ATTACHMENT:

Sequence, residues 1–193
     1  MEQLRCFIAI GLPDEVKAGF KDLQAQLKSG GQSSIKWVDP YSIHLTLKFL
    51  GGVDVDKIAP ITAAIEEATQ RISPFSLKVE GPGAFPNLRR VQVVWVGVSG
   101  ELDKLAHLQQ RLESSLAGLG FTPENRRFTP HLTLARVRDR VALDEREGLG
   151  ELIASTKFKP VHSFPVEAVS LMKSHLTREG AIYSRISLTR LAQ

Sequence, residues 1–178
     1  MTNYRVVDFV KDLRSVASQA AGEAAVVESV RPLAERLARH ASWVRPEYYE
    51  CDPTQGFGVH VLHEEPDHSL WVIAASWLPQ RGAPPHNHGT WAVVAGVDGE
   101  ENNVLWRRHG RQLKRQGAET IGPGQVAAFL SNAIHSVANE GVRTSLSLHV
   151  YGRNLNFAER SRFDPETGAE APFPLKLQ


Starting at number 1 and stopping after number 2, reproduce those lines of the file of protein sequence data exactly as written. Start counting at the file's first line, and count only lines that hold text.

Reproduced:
Sequence, residues 1–193
     1  MEQLRCFIAI GLPDEVKAGF KDLQAQLKSG GQSSIKWVDP YSIHLTLKFL